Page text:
Glyndwr student's PhD research aims to influence decision-making in health care
A new study aims to produce an over-arching decision-making healthcare model in North Wales by focusing on patients with dementia – a disease that costs the UK £26.3 billion a year.
The research, undertaken by Paul Brownbill for his PhD at Wrexham Glyndwr University, will explore and describe community hospital healthcare workers’ everyday decision-making in relation to people with dementia.
Paul picked three community hospitals across North Wales to observe and then report back his findings to Betsi Cadwaldr University Health Board (BCUHB) with the hope of influencing and developing policy.
Paul, a former social worker who specialised in people living with dementia on hospital wards, said: “I am observing hospital staff decision-making processes, I’m not saying if they are the right or wrong decision, it’s more about how they came to that decision.
“This can be any decision made, including decisions where you don’t even realise the decision-making process carried out or the actual decision that you’ve made.”
The research observes healthcare staff, social workers and unqualified health staff on the wards.
850,000 people are estimated to be living with dementia in the UK, and this is estimated to rise to more than two million by 2051.
Paul, a post-grad researcher, is working with Wrexham Glyndwr University and University of South Wales, said: “I’ve always been interested in the dementia side of social work which I guess helped me decide to focus on people living with dementia admitted to community hospitals.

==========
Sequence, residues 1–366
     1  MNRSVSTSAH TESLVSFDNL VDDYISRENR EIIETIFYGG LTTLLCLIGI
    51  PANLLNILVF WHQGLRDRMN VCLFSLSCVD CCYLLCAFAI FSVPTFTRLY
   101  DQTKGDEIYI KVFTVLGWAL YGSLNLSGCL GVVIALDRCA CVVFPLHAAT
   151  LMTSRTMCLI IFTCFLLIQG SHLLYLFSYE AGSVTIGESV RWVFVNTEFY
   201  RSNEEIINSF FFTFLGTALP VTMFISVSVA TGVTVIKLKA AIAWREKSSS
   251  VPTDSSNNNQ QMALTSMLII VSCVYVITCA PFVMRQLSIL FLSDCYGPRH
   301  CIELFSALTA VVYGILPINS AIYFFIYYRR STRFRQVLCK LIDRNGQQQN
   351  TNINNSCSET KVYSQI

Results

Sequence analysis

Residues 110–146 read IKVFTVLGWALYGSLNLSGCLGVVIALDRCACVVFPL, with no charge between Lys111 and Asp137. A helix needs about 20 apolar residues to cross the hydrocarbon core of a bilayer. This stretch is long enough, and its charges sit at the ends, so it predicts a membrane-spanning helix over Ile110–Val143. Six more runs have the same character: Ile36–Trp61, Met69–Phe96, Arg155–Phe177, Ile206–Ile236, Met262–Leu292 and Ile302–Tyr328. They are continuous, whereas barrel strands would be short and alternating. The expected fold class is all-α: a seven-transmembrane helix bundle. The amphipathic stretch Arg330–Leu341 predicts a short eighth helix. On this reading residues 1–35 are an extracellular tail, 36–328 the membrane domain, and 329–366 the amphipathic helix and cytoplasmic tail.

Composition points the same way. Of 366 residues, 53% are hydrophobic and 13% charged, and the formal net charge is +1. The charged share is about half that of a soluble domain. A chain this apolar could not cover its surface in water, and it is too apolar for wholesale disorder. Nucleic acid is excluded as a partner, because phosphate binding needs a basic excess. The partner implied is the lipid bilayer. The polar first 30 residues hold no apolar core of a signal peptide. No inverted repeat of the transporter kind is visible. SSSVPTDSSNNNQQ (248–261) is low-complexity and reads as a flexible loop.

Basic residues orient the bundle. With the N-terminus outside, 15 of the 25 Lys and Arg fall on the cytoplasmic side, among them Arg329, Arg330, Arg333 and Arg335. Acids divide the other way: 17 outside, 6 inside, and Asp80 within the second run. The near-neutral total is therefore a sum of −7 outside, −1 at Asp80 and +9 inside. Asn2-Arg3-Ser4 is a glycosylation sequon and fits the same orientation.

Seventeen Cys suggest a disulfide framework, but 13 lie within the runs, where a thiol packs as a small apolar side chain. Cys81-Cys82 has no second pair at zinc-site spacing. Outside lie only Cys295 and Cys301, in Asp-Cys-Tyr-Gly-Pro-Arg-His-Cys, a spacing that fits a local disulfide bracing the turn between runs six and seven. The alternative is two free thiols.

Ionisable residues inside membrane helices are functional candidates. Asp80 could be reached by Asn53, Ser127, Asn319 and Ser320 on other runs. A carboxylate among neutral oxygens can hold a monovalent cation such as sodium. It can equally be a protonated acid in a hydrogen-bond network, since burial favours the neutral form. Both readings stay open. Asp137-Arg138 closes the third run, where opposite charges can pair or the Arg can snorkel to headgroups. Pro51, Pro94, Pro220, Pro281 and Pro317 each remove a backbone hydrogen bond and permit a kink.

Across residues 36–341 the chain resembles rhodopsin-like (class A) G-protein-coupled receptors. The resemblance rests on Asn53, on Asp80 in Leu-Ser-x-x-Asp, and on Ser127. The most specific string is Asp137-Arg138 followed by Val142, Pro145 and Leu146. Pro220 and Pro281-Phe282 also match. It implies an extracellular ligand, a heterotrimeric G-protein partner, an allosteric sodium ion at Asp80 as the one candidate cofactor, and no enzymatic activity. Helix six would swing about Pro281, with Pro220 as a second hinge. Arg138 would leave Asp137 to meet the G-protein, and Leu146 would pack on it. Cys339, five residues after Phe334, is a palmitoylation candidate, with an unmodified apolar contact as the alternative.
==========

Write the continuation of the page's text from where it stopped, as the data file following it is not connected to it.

“By producing an account of practice in a community hospital, apparent influences on decision-making can be revealed. As the care of people with dementia often involves workers from various disciplinary backgrounds, this study intends to gather a wide range of perspectives with a view of developing a shared model of decision-making.”
The research involves conducting interviews with those who have direct impact on this vulnerable group of people.
Dr Nikki Lloyd-Jones, senior lecturer in Glyndwr’s School of Social and Life Sciences and Paul’s PhD supervisor, said: “PhD studies like Paul’s are essential not only because, as in the case of his topic of dementia care in the community, the findings of his research will be of relevant interest to a wide range of people and service providers; by undertaking the project according to the exacting academic standards expected of a doctoral level study, the final report will be able to make a credible contribution to wider debate about future services.”
The study is funded by Health and Care Research Wales (formerly known as the National Institute for Social Care and Health Research, NISCHR) and aims to make explicit, social and professional paradigms of influence on decision-making by exploring the context of ‘normal’ everyday activity and the use of language.